Nelson Douglas Johnson had a history of having problems with the law dating back to adolescence. At the age of 17 he was charged as an adult for a hit-and-run accident that apparently resulted in someone's death...that's a hell of a thing to live with. Nelson pled guilty to an aggravated assault charge out of that case (eventually agreeing to a $2million restitution order), then picked up a separate weapons misconduct charge around the same time and went to prison young. 

I can't access the sentencing minutes, but by all appearances Nelson did at least eight or nine years in state prison - growing up there, basically - before being released in 2008. He was back in prison in 2010, pleading guilty to resisting arrest in exchange for having a number of burglary charges dropped. That was what he was doing time for when he killed himself this week, just two months short of freedom.

Nelson should have been paroled on September 7 of this year, which is troubling. Whenever I see guys do this I can't help but wonder if there was some more fearsome death they were trying to avoid by taking their own lives. As noted below, Nelson was at ASPC-Florence/Kasson - and according to his AZ DOC record, he had a number of disciplinary actions this past year for what appear to be "refusals to house" - which is usually what someone does when they're afraid they'll be hurt or killed on a GP yard, so they get a ticket and get sent to detention, Like Nelson did.

The only letters I get from Nelson's yard, by the way, are from guys who are begging for help getting protective custody. I hope his family hires an attorney to find out if he had been threatened and was seeking protection at the time he died - too many guys have done themselves in upon being told they were denied protection and would be returned to general population; the terror of what might happen to them there was too much to face. If there wasn't such a huge jump in the violence in our state prisons under Chuck Ryan, the protective segregation program wouldn't be so swamped with applicants right now.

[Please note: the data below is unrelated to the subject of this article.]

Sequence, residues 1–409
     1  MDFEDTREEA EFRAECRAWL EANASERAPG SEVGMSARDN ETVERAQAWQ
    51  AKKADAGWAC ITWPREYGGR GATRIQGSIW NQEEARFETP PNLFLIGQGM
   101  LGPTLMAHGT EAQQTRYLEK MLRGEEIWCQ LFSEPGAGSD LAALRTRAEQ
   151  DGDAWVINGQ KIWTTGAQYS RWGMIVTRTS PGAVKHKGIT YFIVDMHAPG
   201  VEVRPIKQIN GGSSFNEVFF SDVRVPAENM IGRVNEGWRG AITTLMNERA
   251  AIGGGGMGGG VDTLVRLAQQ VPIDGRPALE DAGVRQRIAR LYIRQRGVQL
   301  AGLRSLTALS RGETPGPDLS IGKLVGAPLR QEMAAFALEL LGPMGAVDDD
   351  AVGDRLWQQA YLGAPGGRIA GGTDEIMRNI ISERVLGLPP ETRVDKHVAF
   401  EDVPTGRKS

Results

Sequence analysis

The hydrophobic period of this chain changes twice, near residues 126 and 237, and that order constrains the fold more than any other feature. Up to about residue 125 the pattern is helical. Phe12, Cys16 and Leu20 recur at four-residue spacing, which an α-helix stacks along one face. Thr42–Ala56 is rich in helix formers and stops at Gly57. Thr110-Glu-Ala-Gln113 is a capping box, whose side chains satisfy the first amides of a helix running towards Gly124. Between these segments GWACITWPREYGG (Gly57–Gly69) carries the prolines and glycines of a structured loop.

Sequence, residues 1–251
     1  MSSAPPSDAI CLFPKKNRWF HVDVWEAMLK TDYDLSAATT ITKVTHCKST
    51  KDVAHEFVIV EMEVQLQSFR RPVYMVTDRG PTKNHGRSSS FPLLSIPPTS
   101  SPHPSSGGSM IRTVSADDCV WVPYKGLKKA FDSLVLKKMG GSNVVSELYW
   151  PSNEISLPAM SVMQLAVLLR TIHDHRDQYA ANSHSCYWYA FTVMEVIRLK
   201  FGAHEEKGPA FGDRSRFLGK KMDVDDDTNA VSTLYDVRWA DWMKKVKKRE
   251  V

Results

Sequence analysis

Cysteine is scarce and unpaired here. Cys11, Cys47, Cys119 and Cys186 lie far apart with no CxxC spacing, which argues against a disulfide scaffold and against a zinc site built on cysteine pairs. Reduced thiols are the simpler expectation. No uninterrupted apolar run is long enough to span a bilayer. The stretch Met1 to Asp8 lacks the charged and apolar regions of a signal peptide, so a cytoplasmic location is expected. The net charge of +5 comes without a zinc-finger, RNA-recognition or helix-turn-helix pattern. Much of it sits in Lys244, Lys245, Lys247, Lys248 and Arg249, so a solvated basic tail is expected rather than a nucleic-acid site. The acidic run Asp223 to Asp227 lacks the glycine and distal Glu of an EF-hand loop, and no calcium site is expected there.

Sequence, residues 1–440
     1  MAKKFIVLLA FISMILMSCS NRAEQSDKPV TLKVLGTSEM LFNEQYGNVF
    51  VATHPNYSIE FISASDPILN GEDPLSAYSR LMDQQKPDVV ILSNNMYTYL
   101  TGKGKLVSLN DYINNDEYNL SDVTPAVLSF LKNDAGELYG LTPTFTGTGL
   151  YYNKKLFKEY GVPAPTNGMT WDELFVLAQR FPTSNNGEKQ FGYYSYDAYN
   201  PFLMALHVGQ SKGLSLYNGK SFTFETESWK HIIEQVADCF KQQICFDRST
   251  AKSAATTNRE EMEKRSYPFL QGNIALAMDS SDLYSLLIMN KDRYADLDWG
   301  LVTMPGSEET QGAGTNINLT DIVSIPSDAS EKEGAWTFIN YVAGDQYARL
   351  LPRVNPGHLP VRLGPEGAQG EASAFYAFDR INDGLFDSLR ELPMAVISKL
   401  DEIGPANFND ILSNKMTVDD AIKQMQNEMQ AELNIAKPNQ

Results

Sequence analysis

Families, please tell your loved ones to hang on. If they're having trouble getting PS or if you fear they aren't getting the mental health treatment they need, have them write to me (PO Box 20494, PHX 85036). I can't promise to deliver anything, but I'll do what I can to help and encourage them through whatever they're facing in there. Let them know about the class action suit over the neglect and suicides, and that we're working on getting the feds in to assess the skyrocketing assault and homicide rates under Chuck Ryan - tell them that help is on the way, they just need to hold out and hang in there.

Finally, condolences to Nelson's family, who must be devastated. If I can be a support through this or you want to organize with other survivors to prevent this bloodshed from continuing, let me know. 

If anyone knows more about Nelson Johnson's life or death, I'd appreciate it if you'd contact me ( or 480-580-6807), so I can tell his story more completely. 

Art by Nelson Douglas Johnson III
featured in Lowrider Magazine (2001) 

-------------from the Arizona Republic-------------

Florence prison inmate kills himself in his cell

Bob Ortega - Arizona Republic

July 2, 2012

An inmate serving 21 months for resisting arrest was found dead from an apparent suicide in his cell Sunday at Arizona's Florence state prison, Arizona Department of Corrections officials said.

At the time of his death, Nelson Johnson, 31, was being held in maximum security in the prison's Kasson unit, which includes mental-health and disciplinary detention cells. Officials couldn't immediately confirm that Johnson was being held in isolation, but all the cells in Kasson are isolation cells.

Johnson is the fifth acknowledged suicide in the state prison system since Jan. 1. All but one of the suicides have been by inmates being held in isolation in maximum security at Florence or Eyman state prisons. There have been four other deaths since the beginning of March in which the department has not released a cause of death and that officials said remain under investigation.

Johnson had been imprisoned since May 11, 2011.